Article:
The suffragettes, the Jarrow marchers, Oswald Mosley and Diana, Princess of Wales, Christine Keeler, Baroness Thatcher, Thomas Hardy and Sid Vicious. These are just some of the photographs that have been selected for an exhibition at the National Portrait Gallery which will open next year.
The portraits are being chosen by 10 men and women, including Professor Stephen Hawking, Baroness Kennedy QC, Trevor Phillips, Lord Puttnam, Anna Ford, David Bowie and Vivienne Westwood. Each has begun to select 10 images to sum up the century.
So far none has managed to complete a list. Ms Westwood came up with her suggestions then changed her mind and started again. Baroness Kennedy has narrowed it down to "around 40" and Ms Ford has not come up with anybody yet. Mr Phillips is trying to cheat.
The one stipulation is that everyone must be British, but Mr Phillips is trying to sneak the boxer Muhammad Ali past the panel. "I have chosen a picture of Henry Cooper and Muhammad Ali because Ali is one figure that symbolised a change of tone across the globe," he said.
"He is more famous than Diana and he is a really important figure. But the picture is really Henry Cooper and the fight took place in Britain," he added hastily.
Mr Phillips said he was also considering Alan Sugar, and Lord Mountbatten at the ceremony to mark Indian independence, which for Mr Phillips marked the beginning of the end of the empire and symbolised liberation for thousands of people.
Lord Puttnam said he wanted images that showed how Britain had developed into a multi-racial and multi-cultural society and for that reason he had chosen a photo of Oswald Mosley and the East End riots.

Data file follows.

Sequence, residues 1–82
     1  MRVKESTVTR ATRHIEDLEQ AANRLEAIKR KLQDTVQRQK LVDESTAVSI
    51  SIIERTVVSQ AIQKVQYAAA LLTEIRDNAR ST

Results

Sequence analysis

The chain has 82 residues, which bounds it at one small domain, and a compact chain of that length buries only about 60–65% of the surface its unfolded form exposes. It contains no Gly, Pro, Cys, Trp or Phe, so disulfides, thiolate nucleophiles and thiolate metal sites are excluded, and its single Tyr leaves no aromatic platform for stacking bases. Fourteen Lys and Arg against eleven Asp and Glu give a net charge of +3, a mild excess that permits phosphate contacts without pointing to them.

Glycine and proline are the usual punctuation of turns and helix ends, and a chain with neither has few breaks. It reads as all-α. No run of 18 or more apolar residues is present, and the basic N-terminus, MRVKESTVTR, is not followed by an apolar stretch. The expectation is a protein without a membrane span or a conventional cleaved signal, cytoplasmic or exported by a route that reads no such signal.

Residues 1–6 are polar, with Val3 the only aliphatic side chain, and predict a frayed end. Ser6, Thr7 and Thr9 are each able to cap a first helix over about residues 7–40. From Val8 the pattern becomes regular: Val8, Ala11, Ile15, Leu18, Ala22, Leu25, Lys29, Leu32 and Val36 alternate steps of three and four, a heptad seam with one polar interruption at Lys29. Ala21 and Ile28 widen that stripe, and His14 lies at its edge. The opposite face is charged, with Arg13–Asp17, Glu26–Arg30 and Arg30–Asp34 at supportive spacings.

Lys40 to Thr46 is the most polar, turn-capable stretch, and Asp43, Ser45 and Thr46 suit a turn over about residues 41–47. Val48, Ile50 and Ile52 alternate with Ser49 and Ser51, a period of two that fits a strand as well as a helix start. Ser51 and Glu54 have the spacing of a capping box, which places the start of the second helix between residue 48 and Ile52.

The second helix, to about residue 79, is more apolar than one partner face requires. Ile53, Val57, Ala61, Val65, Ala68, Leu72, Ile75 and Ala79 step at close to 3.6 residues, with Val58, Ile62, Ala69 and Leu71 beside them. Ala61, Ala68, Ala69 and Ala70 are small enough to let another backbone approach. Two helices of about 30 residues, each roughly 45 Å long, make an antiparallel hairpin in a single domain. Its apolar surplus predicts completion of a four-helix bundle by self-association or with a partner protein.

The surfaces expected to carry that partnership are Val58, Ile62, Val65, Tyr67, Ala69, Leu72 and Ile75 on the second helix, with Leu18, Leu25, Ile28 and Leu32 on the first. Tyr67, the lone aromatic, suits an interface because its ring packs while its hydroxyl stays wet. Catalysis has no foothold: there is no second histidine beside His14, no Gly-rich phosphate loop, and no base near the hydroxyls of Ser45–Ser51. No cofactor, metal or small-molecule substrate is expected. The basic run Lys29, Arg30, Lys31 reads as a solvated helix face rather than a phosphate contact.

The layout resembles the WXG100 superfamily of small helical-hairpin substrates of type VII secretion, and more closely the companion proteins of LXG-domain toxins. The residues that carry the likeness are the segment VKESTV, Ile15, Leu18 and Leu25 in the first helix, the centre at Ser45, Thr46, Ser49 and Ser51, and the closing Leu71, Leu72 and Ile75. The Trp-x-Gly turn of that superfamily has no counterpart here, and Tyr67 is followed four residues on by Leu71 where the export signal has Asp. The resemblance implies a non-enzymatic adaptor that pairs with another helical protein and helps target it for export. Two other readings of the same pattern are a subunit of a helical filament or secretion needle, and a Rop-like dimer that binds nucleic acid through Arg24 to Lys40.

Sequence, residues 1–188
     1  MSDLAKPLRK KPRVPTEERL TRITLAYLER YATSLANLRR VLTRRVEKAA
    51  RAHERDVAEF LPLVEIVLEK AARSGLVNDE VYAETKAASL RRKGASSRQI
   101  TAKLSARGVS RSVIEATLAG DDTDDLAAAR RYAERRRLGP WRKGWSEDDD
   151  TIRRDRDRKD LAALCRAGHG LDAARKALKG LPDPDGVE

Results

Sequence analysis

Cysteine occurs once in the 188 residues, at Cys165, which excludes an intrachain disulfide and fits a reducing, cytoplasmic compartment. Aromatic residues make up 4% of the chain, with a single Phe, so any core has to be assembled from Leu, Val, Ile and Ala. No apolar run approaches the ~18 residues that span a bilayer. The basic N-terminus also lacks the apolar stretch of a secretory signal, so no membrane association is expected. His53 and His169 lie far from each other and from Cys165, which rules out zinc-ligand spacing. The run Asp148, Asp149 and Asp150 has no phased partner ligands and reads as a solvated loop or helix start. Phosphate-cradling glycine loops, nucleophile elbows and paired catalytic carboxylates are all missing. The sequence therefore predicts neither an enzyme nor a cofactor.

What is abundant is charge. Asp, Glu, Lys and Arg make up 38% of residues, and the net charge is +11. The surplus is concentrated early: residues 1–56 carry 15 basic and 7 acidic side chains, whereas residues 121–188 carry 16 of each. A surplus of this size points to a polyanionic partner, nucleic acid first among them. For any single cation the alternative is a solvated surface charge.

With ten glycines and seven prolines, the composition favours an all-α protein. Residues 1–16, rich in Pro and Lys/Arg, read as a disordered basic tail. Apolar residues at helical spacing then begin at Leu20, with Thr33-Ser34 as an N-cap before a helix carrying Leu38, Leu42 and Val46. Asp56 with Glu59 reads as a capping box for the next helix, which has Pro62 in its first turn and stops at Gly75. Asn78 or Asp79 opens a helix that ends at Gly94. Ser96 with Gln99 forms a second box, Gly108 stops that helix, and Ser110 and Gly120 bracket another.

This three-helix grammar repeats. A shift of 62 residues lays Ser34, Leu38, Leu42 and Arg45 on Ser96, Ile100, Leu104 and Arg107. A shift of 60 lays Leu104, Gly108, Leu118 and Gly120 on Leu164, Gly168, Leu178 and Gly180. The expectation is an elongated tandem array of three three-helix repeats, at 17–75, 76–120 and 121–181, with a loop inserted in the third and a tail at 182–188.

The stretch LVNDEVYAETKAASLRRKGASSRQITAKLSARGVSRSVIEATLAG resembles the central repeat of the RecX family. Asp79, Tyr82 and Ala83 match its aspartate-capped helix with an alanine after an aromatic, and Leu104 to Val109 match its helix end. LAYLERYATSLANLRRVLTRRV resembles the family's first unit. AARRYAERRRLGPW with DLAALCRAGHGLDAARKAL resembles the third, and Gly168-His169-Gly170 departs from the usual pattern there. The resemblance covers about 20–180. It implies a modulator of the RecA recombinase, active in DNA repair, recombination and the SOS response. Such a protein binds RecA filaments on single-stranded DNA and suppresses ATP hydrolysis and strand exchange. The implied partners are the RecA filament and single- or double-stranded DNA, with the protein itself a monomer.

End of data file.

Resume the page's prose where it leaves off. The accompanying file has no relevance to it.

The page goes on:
"Britain has done remarkably well in turning itself into a multi-cultural society but I wanted to remind people how easy it is to tip into intolerance and that is the greatest threat to our society," he said. He admitted choosing it because it also portrayed his father, Leonard, a photographer for Associated Press.
Baroness Kennedy said her selection would reflect how the lives of women had changed over the last 100 years. "I have Scottish suffragettes and also Vanessa Redgrave and Tariq Ali protesting about the Vietnam War. And of course I will have a picture to symbolise the law."
Professor Hawking said he had concentrated on scientists and women as "the most important people in society", picking Francis Crick, who discovered DNA, Diana, Princess of Wales, Virginia Woolf and Lady Thatcher.
David Bowie, who did not attend yesterday's launch, had chosen Max Wall, Sid Vicious, and McDonald Hobley, a television presenter from the Fifties.
Lord Sainsbury of Preston Candover, one of the originators of the idea for the exhibition, said he hoped it would provide a significant survey of 20th- century life.
"It may be people who are famous or totally unknown, individuals or groups. We want to cover the whole century ... I hope they will be people who will still be interesting by the end of the next century."Reuse content